The episode begins with Jenny, the wife of the League Commissioner Kevin, wanting to be in the league. Despite knowing her fantasy football, being friends with almost everybody in the league, and not being as awkward as other characters, she is rejected from the league because she is a girl. The episode takes the league members to Las Vegas where they meet up with Chad Ochocinco, and eventually Jenny when she learns there is an open spot in the league. It comes down to a vote between Jenny and Rafi to determine who gets the final spot. Rafi is an unshaved drink stealer obsessed with bumpin’ chodes, but gets the final spot in the League because he is a guy.
On the surface, this doesn’t seem like anything special, but I would argue that the episode is a great challenge to gender. Anaam Butt’s article, talking about gender roles in TV shows, states “In most top-rated TV shows, the male characters are much more accomplished and are further along in their careers than females.” While Jenny may be a stay at home mom, and most of the male characters in the show have very good jobs, she is furthest along in regards to what is important for the show: fantasy football knowledge. The League does a good job of painting the scene to show Jenny as a smart, cool, intelligent, female character who anybody would be lucky to have in a fantasy league. At the same time, the show portrays Rafi as this disgusting person that nobody likes who even tries to make out with Jenny in the episode. The only reason Rafi is picked to go into the league instead of Jenny is because it’s funnier, due to the scene being set up so one-sided. The article goes on to say, “Prime-time television needs more strong and professionally accomplished women characters. Most shows are successful because they are relatable and have characters that we all hope to be like one day.” From a viewer’s perspective I think Jenny is a great female character, because she is so down to earth and not an over the top, highly sexualized, high maintenance bitch that you sometimes get from these types of shows.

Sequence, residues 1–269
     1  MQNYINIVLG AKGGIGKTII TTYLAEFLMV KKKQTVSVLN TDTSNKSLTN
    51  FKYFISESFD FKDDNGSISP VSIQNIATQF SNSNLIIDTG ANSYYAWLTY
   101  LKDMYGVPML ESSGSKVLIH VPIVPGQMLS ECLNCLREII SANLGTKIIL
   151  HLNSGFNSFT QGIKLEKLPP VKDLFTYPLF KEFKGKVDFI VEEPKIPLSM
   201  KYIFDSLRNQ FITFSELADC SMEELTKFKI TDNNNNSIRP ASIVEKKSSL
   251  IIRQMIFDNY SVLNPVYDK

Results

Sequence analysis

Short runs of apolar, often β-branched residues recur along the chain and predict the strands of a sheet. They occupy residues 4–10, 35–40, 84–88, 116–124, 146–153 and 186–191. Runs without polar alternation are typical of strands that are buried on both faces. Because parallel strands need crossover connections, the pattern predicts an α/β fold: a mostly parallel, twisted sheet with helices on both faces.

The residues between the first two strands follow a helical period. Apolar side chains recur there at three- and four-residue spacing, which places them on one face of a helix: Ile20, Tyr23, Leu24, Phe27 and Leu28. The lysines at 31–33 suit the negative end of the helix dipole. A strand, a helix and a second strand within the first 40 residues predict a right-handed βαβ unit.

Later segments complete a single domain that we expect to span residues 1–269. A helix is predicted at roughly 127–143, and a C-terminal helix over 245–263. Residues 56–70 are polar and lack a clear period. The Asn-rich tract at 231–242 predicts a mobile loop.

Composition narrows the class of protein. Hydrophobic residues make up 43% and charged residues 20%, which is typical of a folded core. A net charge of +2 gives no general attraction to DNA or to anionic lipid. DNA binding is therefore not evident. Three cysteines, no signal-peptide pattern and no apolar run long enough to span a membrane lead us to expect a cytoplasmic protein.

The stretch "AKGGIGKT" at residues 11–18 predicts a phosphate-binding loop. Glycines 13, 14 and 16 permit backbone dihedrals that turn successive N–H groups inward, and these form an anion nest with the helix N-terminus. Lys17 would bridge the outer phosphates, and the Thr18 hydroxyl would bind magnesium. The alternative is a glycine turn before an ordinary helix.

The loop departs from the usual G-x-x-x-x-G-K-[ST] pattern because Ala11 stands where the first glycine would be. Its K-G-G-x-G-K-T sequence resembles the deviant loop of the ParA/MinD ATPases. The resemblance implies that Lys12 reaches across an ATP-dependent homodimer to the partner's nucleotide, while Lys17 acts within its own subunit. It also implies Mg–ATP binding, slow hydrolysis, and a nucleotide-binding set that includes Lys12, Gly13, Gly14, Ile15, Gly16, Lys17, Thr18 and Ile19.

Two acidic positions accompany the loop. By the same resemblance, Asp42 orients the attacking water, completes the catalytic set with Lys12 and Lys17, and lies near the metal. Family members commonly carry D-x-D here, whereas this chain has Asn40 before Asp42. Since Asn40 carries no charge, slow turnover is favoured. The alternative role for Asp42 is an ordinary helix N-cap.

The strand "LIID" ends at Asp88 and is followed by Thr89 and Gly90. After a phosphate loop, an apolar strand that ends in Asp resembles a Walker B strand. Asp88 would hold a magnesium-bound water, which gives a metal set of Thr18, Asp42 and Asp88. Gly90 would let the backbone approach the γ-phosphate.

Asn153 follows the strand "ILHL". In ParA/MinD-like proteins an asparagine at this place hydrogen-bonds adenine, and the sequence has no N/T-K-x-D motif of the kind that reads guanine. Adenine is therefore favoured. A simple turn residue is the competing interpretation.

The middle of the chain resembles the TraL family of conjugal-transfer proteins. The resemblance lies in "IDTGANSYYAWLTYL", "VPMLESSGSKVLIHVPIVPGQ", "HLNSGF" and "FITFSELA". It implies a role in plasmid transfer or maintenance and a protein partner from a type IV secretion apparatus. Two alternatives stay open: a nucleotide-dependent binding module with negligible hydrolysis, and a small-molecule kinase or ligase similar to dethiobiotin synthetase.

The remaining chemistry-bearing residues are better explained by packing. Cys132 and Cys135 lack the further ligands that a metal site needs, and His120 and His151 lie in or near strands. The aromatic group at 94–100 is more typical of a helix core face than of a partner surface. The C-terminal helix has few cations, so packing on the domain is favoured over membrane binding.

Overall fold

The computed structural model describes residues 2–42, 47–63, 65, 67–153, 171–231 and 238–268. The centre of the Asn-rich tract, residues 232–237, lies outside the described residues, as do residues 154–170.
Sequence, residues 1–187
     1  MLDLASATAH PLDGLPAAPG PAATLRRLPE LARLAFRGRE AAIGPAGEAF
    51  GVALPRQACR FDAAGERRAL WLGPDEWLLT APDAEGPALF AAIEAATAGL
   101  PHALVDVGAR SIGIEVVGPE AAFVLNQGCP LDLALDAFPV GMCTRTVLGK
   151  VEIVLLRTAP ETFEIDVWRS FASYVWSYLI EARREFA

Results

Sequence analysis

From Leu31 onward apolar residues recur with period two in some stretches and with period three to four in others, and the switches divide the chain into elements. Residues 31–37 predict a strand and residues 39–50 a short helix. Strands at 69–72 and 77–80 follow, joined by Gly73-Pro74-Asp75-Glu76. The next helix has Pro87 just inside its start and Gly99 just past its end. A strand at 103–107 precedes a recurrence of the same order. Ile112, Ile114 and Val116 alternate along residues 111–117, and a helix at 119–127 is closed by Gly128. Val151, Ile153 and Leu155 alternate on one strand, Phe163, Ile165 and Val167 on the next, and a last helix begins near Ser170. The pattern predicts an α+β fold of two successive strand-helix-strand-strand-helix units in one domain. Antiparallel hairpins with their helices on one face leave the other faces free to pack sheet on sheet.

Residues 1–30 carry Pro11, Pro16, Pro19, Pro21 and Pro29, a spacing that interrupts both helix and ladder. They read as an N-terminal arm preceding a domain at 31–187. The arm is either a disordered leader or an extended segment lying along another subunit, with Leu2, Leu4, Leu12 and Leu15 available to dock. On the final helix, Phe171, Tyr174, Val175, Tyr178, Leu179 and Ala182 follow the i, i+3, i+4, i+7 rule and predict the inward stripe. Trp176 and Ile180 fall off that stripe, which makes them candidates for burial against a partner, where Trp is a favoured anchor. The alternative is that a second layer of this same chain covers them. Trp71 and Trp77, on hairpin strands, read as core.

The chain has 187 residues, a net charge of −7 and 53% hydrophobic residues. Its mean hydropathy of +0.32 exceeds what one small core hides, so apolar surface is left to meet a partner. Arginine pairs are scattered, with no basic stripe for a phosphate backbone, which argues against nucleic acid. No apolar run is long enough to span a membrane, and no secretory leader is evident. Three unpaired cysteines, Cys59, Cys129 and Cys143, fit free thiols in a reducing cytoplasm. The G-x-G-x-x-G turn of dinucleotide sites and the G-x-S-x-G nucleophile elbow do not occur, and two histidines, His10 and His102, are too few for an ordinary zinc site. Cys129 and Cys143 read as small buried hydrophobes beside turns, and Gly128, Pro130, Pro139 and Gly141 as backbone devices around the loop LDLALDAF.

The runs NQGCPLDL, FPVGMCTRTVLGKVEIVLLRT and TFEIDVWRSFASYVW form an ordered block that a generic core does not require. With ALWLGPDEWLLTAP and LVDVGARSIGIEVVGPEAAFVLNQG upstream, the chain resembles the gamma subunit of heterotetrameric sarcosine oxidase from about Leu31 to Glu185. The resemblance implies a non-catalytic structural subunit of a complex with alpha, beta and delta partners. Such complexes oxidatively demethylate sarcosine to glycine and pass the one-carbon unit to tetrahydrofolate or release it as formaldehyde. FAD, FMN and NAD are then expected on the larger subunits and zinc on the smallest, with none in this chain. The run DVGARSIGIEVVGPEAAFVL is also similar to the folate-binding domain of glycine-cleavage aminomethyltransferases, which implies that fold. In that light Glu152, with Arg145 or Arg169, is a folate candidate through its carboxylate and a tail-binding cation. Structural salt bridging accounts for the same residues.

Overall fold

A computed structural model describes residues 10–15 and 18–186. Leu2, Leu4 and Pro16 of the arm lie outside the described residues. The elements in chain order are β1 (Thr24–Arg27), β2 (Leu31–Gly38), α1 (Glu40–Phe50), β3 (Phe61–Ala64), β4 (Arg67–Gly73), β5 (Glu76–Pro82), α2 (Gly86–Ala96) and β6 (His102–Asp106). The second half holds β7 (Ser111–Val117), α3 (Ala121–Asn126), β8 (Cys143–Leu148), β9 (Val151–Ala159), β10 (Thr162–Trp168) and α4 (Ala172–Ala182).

Comparing The League to another masculine football show, Blue Mountain State, we can see various positive differences in the shows. While I remain a huge fan of Blue Mountain State, the show’s representation of female characters is always the same. Drunken party girls who have pillow fights with each other in their underwear running rampant throughout the college campus. Matt Gilbert from the Boston Globe seems to agree with this assessment in his article about Blue Mountain State in regards to female characters. “The women? Almost all of them are subservient students who apparently live to sleep with the football players. Only one, Craig’s girlfriend, Denise seems to have a name, and she’s a shrew who won’t sleep with him and who is obsessed with making him into a rich pro player”. What’s so great about The League, and this episode in particular, is that it flips one’s expectations of gender. In one scene at the club, Rafi has the idea that women love being sandwiched by two men, since two men love being sandwiched by two women on the dance floor. He of course makes everyone feel really uncomfortable, and turns into the fool of the party. Meanwhile, Jenny is in the VIP room talking football with Chad Ochocinco and having a blast. In the episode, Chad even says, “This girl knows her stuff. I would’ve put you in the league.” After having a pro football player vouch for her, Jenny’s credibility and moral standing sky rocket in the episode to where she is arguably the coolest character. Jenny even helps Ruxin, another male character in the League, draft a team so good he is forced to rosterbate to the lineup (self-explanatory I hope).
“The Vegas Draft” episode of The League did a fantastic job of challenging norms and expectations of gender. While the episode does not end with Jenny being accepted into the league, the viewer of the episode knows that she is clearly in the right. And I would argue that the turning point later in the show, when she is included in the league, is far greater because of this episode’s set-up.
Butt, Anaam. "'How I Met Your Mother' and 'Big Bang Theory' Promote Gender Stereotypes." PolicyMic. N.p., 03 May 2012. Web. 24 Feb. 2014.
Gilbert, Matthew. "'Blue Mountain' Turf Is the Lewd and Crude." Boston.com. The New York Times, 12 Jan. 2010. Web. 25 Feb. 2014.
"The Vegas Draft" The League. FXX. 2010. Television.